> This frame takes my breath away:
> I don't see how that could be a hand-worked
> surface. The striations are straight, parallel,
> equally spaced, and I see no obvious segmentation.
> No overlap, no curves. It looks like a single
> machined surface. The only apparent deviation from
> perfect parallel is an optical illusion that's
> caused by the perspective from the camera being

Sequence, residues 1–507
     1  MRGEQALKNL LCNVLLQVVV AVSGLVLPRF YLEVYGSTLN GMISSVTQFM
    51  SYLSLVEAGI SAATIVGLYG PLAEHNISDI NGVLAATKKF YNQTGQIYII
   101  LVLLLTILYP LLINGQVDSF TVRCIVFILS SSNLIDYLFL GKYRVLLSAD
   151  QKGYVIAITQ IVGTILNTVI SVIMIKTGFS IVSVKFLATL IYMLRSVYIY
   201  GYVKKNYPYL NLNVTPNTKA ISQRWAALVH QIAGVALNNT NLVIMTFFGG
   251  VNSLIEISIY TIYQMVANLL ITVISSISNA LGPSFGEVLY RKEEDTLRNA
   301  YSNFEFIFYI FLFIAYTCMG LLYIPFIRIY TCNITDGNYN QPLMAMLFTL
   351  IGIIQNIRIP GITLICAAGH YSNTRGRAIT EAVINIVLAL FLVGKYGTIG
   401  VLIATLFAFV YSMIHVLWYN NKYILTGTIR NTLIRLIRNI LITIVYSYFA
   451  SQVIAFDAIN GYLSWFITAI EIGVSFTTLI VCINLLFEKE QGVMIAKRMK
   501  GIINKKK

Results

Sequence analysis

> located toward the bottom of that tooled face. But
> when you compensate for the perspective viewpoint,
> it certainly looks like a smoking gun for a
> machined surface.
> Alternatively, I'm wondering if it could be
> ancient troweled adhesive that once held a layer
> of valuable surface material that has since been
> lost or pilfered. There does seem to be a lot of
> relatively modern hacking amidst what clearly
> seems to be darker, older stonework.
Modern Class C tools. Metal.
Modern Class C tool. Stone. (Drag resurfacing of road).